Last month we brought you a surprising story about the iPad 2. While most Apple products get a price reduction with the launch of their next-generation successor, one thing they don't get is a hardware upgrade. It turned out, though, that with the launch of the new iPad the iPad 2 got a processor upgrade.
The iPad 2's new processor, which is the same as the processor found in the third-generation Apple TV, is effectively the same as the A5 chip that was originally in the iPad 2 (and iPhone 4S). The difference is that it has been "ported" to Samsung's new 32nm HMKG manufacturing process. As such, the chip's performance isn't greatly effective. That is, the 32nm chip isn't faster than the original version. The big difference is an increase in energy efficiency. At the time, there was speculation that iPad users might see an improvement in battery life.
Now AnandTech has confirmed that that is the case. The updated iPad 2 does show an improvement in battery life. According to AnandTech's tests, the updated iPad 2 performed better than both the original iPad 2 and the new iPad when playing a graphics- and power-intensive game - Infinity Blade II. While the new iPad lasted for 5.58 hours, the updated iPad 2 lasted nearly 8 hours.
(A quick note on terminology: "iPad 2,4" is Apple's official model designation for the updated iPad 2. The iPad 2,1 is the wi-fi only model of the original iPad 2. The iPad 2,2 and iPad 2,3 are the AT&T and Verizon 3G models, respectively.)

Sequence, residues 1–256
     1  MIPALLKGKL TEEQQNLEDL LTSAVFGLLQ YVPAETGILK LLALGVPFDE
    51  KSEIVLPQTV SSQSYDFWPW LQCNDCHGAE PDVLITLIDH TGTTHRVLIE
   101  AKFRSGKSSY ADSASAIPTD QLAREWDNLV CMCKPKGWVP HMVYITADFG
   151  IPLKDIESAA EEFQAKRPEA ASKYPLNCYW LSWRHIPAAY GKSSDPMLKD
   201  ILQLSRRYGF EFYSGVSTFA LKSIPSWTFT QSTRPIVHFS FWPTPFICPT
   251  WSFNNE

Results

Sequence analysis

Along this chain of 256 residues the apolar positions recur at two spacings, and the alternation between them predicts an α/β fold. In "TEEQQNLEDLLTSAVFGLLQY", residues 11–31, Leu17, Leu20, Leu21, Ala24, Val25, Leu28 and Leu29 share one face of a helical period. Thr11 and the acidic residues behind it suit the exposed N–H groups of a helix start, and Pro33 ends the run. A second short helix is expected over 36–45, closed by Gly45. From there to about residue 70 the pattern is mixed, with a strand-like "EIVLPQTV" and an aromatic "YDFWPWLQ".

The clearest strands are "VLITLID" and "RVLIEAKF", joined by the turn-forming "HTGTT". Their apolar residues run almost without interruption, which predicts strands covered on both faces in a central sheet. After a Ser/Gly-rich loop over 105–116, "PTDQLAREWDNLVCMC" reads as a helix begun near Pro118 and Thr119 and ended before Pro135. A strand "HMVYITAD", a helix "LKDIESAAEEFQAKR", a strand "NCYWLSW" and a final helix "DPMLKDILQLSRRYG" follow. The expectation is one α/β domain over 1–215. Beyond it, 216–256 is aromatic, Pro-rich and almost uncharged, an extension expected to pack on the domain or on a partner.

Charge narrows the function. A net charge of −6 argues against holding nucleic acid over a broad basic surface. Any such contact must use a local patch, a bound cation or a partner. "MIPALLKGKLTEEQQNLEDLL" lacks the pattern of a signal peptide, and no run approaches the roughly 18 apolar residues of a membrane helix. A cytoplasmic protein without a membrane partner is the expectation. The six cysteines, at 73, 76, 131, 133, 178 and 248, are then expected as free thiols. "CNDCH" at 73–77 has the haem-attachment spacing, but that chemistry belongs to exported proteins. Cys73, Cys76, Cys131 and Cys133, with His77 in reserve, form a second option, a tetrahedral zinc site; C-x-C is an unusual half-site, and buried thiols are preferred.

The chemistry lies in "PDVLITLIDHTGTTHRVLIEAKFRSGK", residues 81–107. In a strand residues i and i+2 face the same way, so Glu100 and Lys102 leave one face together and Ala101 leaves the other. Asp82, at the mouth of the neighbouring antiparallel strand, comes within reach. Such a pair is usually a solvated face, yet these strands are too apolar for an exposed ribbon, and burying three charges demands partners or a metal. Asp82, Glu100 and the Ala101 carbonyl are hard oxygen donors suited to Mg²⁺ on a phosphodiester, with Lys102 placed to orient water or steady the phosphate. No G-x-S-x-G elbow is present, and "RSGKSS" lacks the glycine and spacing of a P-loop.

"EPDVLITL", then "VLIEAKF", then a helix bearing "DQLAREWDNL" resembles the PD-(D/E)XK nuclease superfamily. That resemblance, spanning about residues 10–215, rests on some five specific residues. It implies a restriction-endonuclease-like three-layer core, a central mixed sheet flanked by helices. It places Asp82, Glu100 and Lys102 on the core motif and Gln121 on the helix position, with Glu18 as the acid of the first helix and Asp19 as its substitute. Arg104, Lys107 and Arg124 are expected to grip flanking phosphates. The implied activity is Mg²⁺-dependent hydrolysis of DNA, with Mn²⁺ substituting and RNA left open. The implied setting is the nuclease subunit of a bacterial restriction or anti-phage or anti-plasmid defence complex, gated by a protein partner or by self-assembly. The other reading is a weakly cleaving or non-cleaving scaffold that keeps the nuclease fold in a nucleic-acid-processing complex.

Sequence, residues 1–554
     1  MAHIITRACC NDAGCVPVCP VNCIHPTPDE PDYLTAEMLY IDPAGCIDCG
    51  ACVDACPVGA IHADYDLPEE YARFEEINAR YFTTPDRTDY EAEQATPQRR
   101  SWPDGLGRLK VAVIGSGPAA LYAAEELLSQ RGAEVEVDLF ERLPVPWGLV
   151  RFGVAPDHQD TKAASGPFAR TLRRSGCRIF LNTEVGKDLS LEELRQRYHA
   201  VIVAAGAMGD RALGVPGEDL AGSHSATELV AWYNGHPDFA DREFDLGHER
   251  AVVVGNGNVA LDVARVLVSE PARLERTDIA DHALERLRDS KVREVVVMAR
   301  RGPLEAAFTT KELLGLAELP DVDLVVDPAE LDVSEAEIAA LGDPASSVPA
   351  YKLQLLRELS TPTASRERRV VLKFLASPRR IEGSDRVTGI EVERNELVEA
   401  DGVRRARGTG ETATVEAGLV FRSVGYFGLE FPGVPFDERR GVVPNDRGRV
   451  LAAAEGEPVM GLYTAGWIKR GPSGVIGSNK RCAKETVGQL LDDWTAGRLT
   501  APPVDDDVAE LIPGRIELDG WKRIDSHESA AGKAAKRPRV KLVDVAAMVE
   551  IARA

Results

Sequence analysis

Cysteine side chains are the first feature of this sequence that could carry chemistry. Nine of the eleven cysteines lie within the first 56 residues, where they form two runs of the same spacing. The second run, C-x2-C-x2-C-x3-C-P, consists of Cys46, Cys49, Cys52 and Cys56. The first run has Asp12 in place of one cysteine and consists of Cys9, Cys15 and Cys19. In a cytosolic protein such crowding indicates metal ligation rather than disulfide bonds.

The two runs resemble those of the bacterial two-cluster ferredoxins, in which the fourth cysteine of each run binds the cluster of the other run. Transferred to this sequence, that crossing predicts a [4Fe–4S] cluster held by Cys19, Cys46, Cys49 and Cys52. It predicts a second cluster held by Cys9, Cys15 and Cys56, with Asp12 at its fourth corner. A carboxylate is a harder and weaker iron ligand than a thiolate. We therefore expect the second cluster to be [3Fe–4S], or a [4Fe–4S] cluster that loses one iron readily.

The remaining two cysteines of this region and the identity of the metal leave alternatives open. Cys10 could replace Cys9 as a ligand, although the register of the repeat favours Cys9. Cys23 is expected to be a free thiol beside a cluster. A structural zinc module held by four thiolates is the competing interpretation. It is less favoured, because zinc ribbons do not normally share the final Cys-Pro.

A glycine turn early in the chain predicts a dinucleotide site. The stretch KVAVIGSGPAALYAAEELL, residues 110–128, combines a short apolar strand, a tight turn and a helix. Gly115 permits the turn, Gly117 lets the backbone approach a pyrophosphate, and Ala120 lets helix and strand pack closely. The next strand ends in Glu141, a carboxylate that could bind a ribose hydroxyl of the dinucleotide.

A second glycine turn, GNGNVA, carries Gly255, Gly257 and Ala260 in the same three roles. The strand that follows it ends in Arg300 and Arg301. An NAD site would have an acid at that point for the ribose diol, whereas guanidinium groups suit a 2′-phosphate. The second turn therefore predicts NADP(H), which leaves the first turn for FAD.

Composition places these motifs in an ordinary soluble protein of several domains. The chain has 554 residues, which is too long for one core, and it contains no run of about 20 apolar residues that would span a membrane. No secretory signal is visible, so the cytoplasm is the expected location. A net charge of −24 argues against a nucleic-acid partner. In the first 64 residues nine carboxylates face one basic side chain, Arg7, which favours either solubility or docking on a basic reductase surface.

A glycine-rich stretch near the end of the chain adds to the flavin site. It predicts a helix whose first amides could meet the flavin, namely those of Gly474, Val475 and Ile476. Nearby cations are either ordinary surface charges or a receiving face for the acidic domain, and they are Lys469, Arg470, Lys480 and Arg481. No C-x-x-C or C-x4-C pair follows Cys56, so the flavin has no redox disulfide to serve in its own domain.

The iPad 2,4 showed similar results during a lower-intensity game. They also tested video playback capabilities. To test the various iPads, they took a 720p High Profile H.264 video of Harry Potter and the Deathly Hallows. Removing the credits gave the movie a run time of exactly one hour and fifty-eight minutes. The movie was played in a loop until each tablet died. The iPad 2,4 beat the iPad 3 by over four hours, and the original iPad 2 by over two hours.
The iPad 2,4 gets a performance boost in another area, too. You may recall a bit of controversy surrounding the new iPad shortly after its launch in mid-March. There were reports that the tablet got excessively hot, though that turned out to be a common tablet problem, not just an iPad problem. Well, it looks like the iPad 2,4 beats both its predecessor and successor in this department as well. After an hour of playing Infinity Blade II, the iPad 2,4 was a full degree (Celsius) cooler that the original iPad 2, and almost nine degrees cooler than the new iPad.
With all the performance enhancements that come with the iPad 2,4's updated processor, you might be inclined to go out and get one instead of a new iPad. The iPad 2, after all, starts at only $399. Unfortunately, it's not quite as simple as walking into an Apple Store or any other retailer and just picking one of these up off the shelf. For one thing, there is no discernable difference between an iPad 2,4 and an iPad 2,1-3. From the outside the tablets themselves are identical, and the boxes are identical. Nor does there appear to be any difference in model number or any other feature you might be able to access before you buy one. In fact, the only way to be sure - apart from running one of these tests - is installing a utility like Geekbench and having it check for the actual model number of the device.
What's more, AnandTech made several attempts to get their hands on these new iPads, and only came up with the one they used for testing, which suggests that there aren't all that many of these in circulation.
Would you consider getting an iPad 2 instead of a new iPad if it meant you could get the enhanced processor?